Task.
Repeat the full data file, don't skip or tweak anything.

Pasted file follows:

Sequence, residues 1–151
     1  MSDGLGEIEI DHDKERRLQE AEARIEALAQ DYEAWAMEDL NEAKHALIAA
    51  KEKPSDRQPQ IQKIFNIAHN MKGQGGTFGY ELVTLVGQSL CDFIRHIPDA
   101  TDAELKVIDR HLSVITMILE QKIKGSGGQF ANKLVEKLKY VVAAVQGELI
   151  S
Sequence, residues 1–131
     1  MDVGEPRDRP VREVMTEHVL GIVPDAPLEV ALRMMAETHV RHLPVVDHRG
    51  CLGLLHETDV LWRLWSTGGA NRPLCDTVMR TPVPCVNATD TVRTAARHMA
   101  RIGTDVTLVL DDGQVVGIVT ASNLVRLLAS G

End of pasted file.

Sequence, residues 1–151
     1  MSDGLGEIEI DHDKERRLQE AEARIEALAQ DYEAWAMEDL NEAKHALIAA
    51  KEKPSDRQPQ IQKIFNIAHN MKGQGGTFGY ELVTLVGQSL CDFIRHIPDA
   101  TDAELKVIDR HLSVITMILE QKIKGSGGQF ANKLVEKLKY VVAAVQGELI
   151  S
Sequence, residues 1–131
     1  MDVGEPRDRP VREVMTEHVL GIVPDAPLEV ALRMMAETHV RHLPVVDHRG
    51  CLGLLHETDV LWRLWSTGGA NRPLCDTVMR TPVPCVNATD TVRTAARHMA
   101  RIGTDVTLVL DDGQVVGIVT ASNLVRLLAS G